After they filed suit, Agway — once one of the largest agricultural cooperatives in the United States — declared bankruptcy in 2002 and went out of business.
The Agway that today is a wholesale product distribution company serving a network of approximately 460 private dealers in 11 Northeastern states — and headquartered in Westfield, Mass., according to its websit e, agway.com — was never part of the lawsuit.
Lilley, who began representing the Sleepers in their federal lawsuit filed in Bangor in 2002, said the bankruptcy destroyed the Sleepers’ claim against Agway.
He released a statement to the media on Thursday, saying the Sleepers’ claims of intimidation tactics against Agway was also “more fiction than fact.”
In his statement, Lilley questioned whether the Sleepers were cut out to run a business. He said the Sleepers’ attempt to run a tavern in Aroostook County failed after three years, and that in 2000, Vaughn Sleeper stated under oath he would rather “jump in a barrel of piranhas than farm potatoes in Aroostook County.”
Sleeper doesn’t deny making the statement, but said it didn’t reflect any lack of love for farming, just his frustration at the difficulties with running the farm and battling Agway.
Lilley also maintains he secured about $128,000 for the Sleepers, waived their fee, and that the Sleepers were not forced but chose to leave farming.
The lawyer also said the Sleepers had more than $800,000 in equity in their farm and were current on their mortgage when he finished their case in 2005.
Sleeper said the farm was losing money by 2005 and possibly he had $800,000 in equity in the farm when he started liquidating its assets in 2001 to pay the bills. He was renting portions of it to other farmers to make ends meet since 2003 in response to Agway’s interference, which began in 2001, he said.
“The Sleepers first blamed Agway, then the Administrative Judge, then Lilley (the firm) for their misfortunes,” Lilley said in his statement. “They must be held accountable for their own decisions.”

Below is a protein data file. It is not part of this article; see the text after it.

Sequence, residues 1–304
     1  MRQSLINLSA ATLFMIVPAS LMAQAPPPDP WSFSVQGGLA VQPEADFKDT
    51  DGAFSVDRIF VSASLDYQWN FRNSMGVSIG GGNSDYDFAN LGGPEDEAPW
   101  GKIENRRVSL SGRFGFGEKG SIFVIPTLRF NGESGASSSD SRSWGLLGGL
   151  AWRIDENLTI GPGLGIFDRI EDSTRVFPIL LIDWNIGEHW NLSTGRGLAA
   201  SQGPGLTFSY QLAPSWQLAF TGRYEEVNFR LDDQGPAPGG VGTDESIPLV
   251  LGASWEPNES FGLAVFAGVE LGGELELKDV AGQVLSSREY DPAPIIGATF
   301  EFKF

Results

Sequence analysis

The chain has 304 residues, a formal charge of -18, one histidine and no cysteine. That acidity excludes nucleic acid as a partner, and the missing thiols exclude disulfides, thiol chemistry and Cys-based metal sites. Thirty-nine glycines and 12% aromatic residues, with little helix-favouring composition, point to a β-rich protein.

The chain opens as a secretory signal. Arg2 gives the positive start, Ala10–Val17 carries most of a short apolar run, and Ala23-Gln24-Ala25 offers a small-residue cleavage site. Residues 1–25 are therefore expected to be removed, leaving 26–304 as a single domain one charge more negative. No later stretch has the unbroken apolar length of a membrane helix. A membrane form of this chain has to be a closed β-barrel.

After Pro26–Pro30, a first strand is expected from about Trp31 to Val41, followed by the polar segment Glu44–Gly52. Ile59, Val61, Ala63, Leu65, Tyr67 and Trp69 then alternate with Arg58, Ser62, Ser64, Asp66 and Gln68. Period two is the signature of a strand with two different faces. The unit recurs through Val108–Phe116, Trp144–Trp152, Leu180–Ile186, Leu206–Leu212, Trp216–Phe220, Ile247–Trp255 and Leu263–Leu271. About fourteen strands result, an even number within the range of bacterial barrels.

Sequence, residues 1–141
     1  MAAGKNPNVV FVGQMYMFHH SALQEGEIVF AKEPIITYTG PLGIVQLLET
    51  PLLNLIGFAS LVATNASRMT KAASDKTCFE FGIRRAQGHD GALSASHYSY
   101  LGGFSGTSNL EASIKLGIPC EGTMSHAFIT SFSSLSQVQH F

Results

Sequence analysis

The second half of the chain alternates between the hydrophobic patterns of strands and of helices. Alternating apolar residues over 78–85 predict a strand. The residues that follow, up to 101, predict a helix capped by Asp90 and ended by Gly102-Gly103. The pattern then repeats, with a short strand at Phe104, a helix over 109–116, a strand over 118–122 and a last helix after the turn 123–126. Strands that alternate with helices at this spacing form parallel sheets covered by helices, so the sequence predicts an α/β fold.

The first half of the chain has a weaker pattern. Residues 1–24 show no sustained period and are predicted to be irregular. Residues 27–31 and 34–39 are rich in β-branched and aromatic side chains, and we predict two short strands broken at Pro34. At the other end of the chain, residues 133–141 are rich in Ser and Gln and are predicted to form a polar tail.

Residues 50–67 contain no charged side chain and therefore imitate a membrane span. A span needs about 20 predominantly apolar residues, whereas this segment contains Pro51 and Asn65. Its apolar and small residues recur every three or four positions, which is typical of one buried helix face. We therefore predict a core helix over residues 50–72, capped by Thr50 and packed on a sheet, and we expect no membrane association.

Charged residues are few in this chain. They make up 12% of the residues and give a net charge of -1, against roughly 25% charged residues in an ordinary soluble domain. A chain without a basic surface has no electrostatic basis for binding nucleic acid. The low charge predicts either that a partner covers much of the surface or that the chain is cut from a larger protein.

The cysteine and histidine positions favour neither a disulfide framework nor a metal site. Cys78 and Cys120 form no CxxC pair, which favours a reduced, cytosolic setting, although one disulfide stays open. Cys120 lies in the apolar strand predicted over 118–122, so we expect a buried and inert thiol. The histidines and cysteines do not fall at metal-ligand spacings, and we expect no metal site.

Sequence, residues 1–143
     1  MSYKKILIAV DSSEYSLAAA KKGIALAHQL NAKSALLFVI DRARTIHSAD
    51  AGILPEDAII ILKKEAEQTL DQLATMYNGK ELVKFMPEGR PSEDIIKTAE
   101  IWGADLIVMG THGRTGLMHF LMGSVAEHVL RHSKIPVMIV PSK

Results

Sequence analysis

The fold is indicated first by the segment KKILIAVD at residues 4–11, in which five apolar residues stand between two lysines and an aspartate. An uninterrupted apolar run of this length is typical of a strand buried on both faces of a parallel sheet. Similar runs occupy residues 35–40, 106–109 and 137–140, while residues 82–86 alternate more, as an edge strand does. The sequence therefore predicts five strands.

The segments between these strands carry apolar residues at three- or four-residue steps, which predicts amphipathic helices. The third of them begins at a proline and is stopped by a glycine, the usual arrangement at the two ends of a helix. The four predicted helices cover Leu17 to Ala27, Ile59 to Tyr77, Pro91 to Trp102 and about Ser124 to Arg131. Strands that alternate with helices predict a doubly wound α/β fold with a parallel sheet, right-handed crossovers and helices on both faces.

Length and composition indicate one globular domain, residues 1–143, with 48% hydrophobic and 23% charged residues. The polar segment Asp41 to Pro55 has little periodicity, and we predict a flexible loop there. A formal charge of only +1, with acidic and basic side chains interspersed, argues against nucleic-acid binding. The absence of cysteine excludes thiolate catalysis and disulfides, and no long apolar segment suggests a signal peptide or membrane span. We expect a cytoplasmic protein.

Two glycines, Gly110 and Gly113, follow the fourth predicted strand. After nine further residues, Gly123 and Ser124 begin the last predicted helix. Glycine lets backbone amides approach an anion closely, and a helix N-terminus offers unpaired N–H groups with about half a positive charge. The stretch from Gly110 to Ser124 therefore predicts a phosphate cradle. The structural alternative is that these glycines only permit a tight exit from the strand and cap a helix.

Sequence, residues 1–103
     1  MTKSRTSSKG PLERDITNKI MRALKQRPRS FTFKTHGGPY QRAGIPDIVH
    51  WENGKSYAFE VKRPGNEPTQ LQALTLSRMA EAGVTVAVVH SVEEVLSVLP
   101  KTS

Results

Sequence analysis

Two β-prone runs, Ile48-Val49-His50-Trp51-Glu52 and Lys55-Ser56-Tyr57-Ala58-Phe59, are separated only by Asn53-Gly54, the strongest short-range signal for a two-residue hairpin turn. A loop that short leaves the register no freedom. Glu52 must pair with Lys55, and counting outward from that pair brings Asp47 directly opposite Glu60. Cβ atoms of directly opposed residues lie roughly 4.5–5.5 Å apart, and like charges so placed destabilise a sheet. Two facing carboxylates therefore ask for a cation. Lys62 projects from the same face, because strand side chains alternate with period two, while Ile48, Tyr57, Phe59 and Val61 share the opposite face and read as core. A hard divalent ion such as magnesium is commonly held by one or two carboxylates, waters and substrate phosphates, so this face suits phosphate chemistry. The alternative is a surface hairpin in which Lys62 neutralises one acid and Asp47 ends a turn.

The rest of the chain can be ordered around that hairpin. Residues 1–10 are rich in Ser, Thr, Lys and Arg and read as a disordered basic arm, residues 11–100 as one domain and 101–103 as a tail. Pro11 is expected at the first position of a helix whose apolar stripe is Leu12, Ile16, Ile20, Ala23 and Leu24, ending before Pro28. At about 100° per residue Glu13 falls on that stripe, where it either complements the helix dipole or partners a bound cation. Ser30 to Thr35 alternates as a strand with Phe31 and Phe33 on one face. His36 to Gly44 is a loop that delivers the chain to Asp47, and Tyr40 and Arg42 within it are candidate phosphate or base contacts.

Planning to be normal again
Vaughn Sleeper sold the last of his farm, 300 acres, for $350,000 in 2009. He says he much more enjoys working a farm than owning one.
“I think about what could have been and how it turned out,” Sleeper said on Friday. “But if there was another way that I had to have it, I would have it this way. I can still enjoy working there. They’re just not my potatoes.”
Dan Corey, who now owns Sleeper Farm, said he bought the farm partly because he knew how hard Vaughn Sleeper had worked it.
“Anybody who loses a family farm suffers. How would that tear you up? And they didn’t lose it because of a lack of Vaughn’s work ethic. His work ethic is 100 percent,” Corey said Thursday. “He has been a very loyal, honest employee and I made it a point to buy his farm. It is an excellent farm … It was in the family for generations and it had a very good reputation.”
Vaughn Sleeper’s loss of the farm, Corey said, “came from circumstances beyond his control.”
“I can’t speak highly enough of the man,” Corey added.
Winning the judgment against Lilley has made the Sleepers feel vindicated, but in many ways, the victory hasn’t sunk in yet, they said.
Attorney fees will consume 40 percent of their award, and taxes will also eat into the $1.1 million, Vaughn Sleeper said. He and his wife live in a one-floor, three-bedroom log cabin on Pleasant Lake and plan to continue as they are, with both of them working for Corey on his farm.
“My plans now are to be normal,” Vaughn Sleeper said, “to just live a simple life.”